Julie: In MA, thinking about the lovely weather back in CA.
The contest winner of the sock contest is Edie Lewis! Please email your address to Sherry at Sherryharrisauthor@gmail.com
Sheila, Jessie, Sherry and I all went to Hollywood for a Sisters in Crime conference: Adapting to Hollywood. There we joined 121 other SinC members from across the country, learning about the business of film and television and what we needed to consider when doing an adaptation of our own work. We also got to pitch to a Hollywood producer. I know I am still thinking about the weekend, and mulling over all that I learned. Today, we’re going to chime in on a highlight of the weekend, a favorite memory, and something we learned.
Alison Sweeney talks about working with Hallmark, being a producer, actor, and author.
Jessie: First off, I wanted to send out an enormous thank you to all the people involved in organizing this event. What a tremendous amount of work this must have been! I had such a wonderful time. I learned that while the film business and the publishing business tell stories really differently, they are both industries that require a lot of patience and tenacity. Nothing is over until it is over and enthusiasm goes a long, long way. One of the highlights for me was listening to Megan Abbott talk about her journey towards a seat in the writers’ room on a television show. She was funny and sincere and generous. A favorite memory was sitting with G.A. Maillet, Leslie Budewitz, Sheila, Sherry and Julie late into the evening on the hotel patio talking life and business.
Sheila: Talk about intense! We spent two full days listening to an amazing array of speakers, with different areas of expertise in the film/television/I don’t know what industry, telling us what it’s really like behind the scenes and how to break in. A huge thank-you for Sisters in Crime for putting this together.
I took a lot of notes, but they don’t always make sense. The first thing that jumped out at me what a comment made by writer Megan Abbott, the keynote speaker: “people in the business don’t live in the same world as other people.” You could say the same for writers. The question we all wanted answered was, where do these two worlds intersect?
Other messages? You’d better know someone to get your foot in the door. You need an agent, but your agent needs to know a California agent with connections. There is a lot of demand for IP (intellectual property, which I think means something you wrote that isn’t based on something else) because there are so many outlets for new work–but you still have to get it on the right desk or in front of the right eyes or whatever.
And then there’s the stuff we already know: write a good story, and tell it well. Make even your synopsis or screenplay entertaining. Trust yourself, and don’t lose your own voice. Be persistent and enthusiastic. And keep your fingers crossed!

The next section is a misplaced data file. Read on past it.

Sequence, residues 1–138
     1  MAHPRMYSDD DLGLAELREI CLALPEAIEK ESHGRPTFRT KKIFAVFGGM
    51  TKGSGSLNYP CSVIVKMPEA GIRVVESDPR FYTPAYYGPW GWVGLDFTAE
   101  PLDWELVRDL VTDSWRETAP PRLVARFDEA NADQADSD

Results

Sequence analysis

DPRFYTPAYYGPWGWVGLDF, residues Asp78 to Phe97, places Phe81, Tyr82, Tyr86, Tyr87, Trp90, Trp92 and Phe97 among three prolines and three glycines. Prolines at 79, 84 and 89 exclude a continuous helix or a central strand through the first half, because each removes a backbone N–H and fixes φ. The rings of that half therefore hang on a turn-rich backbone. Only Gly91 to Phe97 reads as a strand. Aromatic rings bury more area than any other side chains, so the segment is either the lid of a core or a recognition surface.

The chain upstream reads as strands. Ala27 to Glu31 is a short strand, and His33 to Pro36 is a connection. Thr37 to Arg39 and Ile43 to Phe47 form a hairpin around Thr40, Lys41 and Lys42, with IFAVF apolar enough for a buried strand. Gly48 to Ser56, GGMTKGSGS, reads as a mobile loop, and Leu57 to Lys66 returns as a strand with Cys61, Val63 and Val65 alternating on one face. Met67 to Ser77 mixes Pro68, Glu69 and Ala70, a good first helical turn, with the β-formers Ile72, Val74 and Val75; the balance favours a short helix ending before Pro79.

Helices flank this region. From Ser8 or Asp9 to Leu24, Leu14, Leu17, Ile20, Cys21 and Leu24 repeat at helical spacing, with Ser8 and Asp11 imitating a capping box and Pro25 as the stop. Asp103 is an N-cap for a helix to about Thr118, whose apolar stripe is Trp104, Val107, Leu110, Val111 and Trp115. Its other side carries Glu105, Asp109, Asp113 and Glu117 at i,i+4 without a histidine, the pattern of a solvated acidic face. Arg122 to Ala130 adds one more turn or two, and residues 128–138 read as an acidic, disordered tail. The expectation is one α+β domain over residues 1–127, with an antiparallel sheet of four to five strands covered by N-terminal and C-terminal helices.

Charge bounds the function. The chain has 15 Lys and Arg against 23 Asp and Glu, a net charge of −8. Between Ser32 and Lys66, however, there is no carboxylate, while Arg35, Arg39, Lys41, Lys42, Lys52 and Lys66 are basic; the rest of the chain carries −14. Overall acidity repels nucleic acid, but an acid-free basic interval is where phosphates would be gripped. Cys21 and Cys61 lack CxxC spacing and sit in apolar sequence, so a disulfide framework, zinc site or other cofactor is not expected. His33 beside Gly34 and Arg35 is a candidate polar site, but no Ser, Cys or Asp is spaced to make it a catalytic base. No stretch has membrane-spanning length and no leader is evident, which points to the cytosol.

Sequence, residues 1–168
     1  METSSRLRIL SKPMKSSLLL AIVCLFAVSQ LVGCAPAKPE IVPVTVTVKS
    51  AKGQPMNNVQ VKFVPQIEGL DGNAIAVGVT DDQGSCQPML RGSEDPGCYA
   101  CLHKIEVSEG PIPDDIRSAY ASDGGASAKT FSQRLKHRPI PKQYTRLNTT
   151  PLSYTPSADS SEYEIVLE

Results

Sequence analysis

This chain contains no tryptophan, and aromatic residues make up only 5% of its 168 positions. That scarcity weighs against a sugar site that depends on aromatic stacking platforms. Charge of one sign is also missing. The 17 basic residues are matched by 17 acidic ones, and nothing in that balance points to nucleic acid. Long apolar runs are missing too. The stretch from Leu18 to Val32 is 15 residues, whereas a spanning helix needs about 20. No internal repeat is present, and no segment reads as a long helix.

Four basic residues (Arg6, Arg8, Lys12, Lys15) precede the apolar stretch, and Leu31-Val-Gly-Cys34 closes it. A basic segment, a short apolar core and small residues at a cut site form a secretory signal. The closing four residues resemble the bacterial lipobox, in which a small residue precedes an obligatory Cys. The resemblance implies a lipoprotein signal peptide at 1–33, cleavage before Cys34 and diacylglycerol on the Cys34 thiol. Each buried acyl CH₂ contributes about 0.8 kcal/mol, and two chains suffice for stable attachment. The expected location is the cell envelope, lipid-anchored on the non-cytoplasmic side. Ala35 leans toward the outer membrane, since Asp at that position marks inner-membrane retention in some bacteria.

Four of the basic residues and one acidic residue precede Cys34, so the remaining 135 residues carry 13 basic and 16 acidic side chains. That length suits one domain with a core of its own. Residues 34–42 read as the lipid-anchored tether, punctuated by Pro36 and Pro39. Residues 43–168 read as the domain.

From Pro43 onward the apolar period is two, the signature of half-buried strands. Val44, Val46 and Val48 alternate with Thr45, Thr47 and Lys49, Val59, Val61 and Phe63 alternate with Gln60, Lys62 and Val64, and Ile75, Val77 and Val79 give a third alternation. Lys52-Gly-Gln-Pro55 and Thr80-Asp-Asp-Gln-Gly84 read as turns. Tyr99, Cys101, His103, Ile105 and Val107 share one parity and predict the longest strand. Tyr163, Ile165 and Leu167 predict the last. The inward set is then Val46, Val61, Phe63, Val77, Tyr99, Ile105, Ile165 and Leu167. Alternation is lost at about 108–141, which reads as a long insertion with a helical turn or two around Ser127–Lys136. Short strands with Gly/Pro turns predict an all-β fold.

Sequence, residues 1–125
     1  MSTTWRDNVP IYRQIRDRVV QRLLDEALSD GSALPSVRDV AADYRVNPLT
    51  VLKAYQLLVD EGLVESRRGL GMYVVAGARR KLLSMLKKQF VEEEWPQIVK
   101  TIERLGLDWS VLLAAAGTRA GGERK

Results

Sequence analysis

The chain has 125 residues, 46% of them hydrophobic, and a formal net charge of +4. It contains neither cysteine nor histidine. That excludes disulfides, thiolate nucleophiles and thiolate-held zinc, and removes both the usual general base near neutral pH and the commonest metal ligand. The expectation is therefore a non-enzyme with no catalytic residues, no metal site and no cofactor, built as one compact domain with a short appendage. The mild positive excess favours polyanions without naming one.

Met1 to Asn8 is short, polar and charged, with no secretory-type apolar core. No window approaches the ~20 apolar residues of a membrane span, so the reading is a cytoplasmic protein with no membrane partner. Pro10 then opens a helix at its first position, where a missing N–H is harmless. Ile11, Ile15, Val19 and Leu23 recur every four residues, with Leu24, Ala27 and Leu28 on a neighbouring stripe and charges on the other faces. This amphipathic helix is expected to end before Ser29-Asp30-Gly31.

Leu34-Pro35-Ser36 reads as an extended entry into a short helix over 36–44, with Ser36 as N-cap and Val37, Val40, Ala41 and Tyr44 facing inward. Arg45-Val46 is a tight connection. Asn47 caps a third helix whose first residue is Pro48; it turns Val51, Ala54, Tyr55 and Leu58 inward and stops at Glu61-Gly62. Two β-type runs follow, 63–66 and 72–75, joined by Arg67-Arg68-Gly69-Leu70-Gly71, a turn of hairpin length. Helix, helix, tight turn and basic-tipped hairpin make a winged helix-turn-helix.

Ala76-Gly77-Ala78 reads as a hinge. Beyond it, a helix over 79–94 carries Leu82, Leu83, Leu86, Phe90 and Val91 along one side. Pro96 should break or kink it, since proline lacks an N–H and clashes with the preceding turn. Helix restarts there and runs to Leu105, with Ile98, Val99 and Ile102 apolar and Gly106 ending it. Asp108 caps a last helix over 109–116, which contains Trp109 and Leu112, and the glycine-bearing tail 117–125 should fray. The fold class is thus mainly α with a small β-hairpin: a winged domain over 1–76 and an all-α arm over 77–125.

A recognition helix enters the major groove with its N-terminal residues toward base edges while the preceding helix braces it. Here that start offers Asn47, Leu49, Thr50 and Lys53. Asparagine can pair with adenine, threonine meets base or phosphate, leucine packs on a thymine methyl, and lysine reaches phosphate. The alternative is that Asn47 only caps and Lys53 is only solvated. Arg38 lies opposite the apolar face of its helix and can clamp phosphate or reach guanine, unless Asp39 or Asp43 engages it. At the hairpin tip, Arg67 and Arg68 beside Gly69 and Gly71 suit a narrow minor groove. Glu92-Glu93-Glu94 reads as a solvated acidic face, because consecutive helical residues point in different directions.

Sherry: What a fabulous weekend! Thank you Sisters-in-Crime and the LA Chapter of SinC for putting on such a great event. I’m guessing getting all the speakers lined up was right up there with herding cats. And when someone didn’t show up you fixed it! To add to what Sheila said, if you don’t have an agent you can hire an entertainment lawyer to pitch your work to producers, etc. But never send anything on your own or unsolicited.
Most of you are probably familiar with the IMDb website which is full of information about movies, actors, and TV shows. But I learned in LA there is also an IMDb Pro which lists contact information for producers and executives. They have a thirty day free trial which I
Nancy Parra aka Nancy Coco, Leslie Budewitz, Jessie, Sheila, and Julie
signed up for because I wanted to email someone I had hoped to speak to but didn’t get a chance. So now you can find me on IMDb (for the next 25 days)! I wrote a quick note thanking him for being there and asked if he like my agent to send my books. (Okay, I’m trying not to check my email every five minutes to see if he’s answered.)
Another thing that really struck me is something that Laura DiSilverio said and was reiterated by the speakers over and over. Your art (book) is your art. Hollywood will change it into their art. They might use one aspect, they might not for legal reasons be able to use the names as they appear in your story, they might cut characters for smaller budget TV movies. Lastly, it is always fun to hang out with fellow authors and we had so much fun!
Julie: I took a screenwriting workshop years ago, and couldn’t
After a day of listening walking around the City Walk was fun.
do it. Telling the story through dialogue rather than exposition? I just wasn’t there. But now, one of my takeaways is that I want to try again. The conference was just terrific at explaining in very clear terms that Hollywood is commercial, which is about making money. It doesn’t mean that they don’t care about story, or art (necessarily). It does mean that budgets and potential income matter.
I also thought about how lucky we are as novelists. Though we need people in our production pipeline (editors, publishers, booksellers, librarians, readers, etc.) our imagination is our own movie studio. It is a special skill, but not necessarily transferable.
What a terrific weekend. I learned a lot, and look forward to learning more. The dream is still to have a movie on the Hallmark Channel. I am grateful to Sisters in Crime for helping me realize this will be as big a challenge as getting published.
Any other sibs want to weigh in on what they learned last weekend?